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Notes: The eight ships of the KING EDWARD VII class were ordered in three separate groups in the period 1901-1904. They were the first Royal Navy battleships to mount the 9.2" gun in their secondary armaments. As it turned out, this jump to 9.2" guns proved to be problematic in action, as the difference in splashes between the 12" guns of the main battery and the 9.2" guns of the secondary was very small, which made gunlaying corrections very difficult. This difficulty gave impetus to the development of the "all-big-gun" type both in England and in other navies. They were also the first class to have fire control positions on both masts, in place of the "fighting tops" found in the older ships.
The KING EDWARD VII class was over 1,000 tons heavier than the preceding DUNCAN class. This increase in weight was not only due to increased size, but also due to an increase in the armor; the casemate protection of the 6" guns was abandoned in favor of a central battery layout. The armor here was 7" thick, and increased the area covered by one deck higher than in the DUNCAN class. The machinery installed in the eight ships differed greatly, as the entire class served as "test beds" for varying combinations of boilers. However, they all exceeded their design speeds on trials. They had very good turning circles (noted as being as little as 340 yards at 15 knots). But their balanced rudders (the first installed in front-line ships since the 1870's) did not function as desired; it proved to be difficult to steer a steady course, and the subsequent, nearly-constant corrections that had to be made earned the class the nickname "The Wobbly Eight". The KING EDWARD VII class were noted as being good gun platforms, but with a lower freeboard, they were noted as being wet ships in heavy weather.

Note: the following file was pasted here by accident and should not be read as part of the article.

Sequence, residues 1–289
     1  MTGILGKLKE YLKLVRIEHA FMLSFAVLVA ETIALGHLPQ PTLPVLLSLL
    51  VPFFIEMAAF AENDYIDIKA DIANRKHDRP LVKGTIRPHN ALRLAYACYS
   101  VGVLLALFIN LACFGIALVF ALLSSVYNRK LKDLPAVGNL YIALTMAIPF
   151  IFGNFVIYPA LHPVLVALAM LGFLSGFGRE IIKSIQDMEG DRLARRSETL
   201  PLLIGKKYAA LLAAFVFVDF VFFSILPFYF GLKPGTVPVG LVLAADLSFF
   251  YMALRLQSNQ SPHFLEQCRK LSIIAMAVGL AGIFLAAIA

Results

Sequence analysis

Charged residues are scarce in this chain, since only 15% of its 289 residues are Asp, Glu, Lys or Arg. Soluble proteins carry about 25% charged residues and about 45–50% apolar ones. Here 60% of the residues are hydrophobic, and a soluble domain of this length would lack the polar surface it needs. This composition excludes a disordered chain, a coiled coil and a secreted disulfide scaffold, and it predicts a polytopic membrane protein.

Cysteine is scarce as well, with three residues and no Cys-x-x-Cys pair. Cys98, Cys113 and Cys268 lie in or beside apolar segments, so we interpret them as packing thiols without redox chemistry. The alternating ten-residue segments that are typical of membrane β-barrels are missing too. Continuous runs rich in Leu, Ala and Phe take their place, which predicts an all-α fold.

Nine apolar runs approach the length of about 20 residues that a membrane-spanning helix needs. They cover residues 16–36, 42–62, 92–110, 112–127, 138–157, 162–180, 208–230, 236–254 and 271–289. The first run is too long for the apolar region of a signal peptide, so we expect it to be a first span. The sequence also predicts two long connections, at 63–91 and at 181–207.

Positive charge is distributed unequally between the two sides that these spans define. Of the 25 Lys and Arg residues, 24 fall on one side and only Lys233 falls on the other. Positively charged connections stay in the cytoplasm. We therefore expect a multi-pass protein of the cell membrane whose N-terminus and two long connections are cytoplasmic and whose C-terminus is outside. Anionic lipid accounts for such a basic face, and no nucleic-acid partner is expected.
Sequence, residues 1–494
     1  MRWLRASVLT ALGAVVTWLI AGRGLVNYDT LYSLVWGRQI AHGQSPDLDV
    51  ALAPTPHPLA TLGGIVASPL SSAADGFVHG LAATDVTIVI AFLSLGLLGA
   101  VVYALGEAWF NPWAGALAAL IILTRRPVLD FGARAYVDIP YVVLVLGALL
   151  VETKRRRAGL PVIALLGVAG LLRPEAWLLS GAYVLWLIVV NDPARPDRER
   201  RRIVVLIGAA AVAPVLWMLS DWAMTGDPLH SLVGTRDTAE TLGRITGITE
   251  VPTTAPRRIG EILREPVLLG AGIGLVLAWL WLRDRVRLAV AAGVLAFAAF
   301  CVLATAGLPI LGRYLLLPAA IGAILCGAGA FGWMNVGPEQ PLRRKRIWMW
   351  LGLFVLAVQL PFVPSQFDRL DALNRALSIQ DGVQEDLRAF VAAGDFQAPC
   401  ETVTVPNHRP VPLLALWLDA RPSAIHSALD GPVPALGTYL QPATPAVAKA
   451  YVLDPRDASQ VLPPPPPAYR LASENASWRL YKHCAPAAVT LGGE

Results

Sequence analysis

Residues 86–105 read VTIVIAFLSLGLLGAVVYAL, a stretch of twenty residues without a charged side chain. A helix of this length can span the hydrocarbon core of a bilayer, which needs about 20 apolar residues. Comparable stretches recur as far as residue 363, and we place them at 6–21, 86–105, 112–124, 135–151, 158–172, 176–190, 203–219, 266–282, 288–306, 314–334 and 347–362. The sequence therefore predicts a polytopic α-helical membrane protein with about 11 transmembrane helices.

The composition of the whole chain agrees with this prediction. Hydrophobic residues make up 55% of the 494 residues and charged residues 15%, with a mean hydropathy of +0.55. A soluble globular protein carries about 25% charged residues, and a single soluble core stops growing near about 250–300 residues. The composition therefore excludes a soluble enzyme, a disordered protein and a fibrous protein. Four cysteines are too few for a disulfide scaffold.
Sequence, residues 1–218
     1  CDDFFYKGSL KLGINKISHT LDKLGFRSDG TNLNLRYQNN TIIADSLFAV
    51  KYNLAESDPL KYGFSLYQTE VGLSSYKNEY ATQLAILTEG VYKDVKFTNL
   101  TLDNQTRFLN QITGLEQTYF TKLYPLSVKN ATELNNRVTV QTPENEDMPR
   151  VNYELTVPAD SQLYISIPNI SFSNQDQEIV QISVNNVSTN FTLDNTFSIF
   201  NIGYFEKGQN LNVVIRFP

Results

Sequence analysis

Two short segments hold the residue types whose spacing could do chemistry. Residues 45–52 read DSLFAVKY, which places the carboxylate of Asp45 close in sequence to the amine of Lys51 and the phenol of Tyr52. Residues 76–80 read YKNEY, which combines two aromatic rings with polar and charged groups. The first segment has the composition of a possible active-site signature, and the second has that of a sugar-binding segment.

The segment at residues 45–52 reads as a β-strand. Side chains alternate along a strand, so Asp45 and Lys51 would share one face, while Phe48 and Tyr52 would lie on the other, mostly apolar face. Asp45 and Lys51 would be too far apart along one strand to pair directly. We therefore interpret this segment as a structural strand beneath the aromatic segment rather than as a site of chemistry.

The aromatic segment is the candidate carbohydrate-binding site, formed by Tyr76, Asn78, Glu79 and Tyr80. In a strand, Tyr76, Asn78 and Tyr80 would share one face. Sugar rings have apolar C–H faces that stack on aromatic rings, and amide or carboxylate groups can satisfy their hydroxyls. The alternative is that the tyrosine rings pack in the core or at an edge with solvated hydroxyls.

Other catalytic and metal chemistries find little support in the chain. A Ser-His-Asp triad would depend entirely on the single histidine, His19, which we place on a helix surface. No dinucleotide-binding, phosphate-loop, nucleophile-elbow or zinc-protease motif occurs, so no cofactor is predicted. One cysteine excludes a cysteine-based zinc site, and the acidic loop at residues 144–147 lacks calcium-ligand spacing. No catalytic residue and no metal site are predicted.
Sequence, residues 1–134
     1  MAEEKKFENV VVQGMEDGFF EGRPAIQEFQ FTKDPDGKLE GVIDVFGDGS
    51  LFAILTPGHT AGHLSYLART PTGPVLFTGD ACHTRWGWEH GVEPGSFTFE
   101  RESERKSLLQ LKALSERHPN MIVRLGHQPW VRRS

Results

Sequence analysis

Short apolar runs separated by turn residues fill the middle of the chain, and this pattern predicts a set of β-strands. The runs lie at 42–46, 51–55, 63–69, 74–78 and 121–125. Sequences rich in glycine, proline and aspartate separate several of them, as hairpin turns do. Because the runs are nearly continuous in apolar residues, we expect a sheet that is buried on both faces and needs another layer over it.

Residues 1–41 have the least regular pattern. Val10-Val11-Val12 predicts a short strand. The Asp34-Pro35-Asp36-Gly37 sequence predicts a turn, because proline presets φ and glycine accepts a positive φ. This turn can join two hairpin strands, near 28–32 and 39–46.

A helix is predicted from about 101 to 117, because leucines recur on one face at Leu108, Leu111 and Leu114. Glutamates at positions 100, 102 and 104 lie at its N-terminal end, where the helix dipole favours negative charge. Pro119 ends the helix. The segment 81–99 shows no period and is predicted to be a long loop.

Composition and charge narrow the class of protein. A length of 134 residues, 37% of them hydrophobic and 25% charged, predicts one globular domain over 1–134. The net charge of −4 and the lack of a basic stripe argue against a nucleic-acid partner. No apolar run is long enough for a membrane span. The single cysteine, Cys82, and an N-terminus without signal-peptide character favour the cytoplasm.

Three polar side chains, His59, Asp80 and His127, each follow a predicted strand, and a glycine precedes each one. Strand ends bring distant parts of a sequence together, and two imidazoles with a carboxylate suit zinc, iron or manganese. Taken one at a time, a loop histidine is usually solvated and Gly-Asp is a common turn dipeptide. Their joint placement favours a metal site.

HINDUSTAN served with the Atlantic Fleet in 1906. In January, 1907, she was transferred to the Channel Fleet, and then to the 2nd Battle Division, Home Fleet in April, 1909. At the beginning of World War I, HINDUSTAN (along with her sister ships) formed the 3rd Battle Squadron of the Grand Fleet. In November, 1914, HINDUSTAN was detached to reinforce the Channel Fleet, then returned to Grand Fleet. On 29 April 1916, the 3rd Battle Squadron transferred to Sheerness under Nore Command. During February - May 1918, HINDUSTAN was the depot ship for raids on Zeebrugge and Ostend. HINDUSTAN was paid off into reserve on 15 May 1918, then sold for scrapping on 9 May 1921, and broken up in Belfast in October, 1923.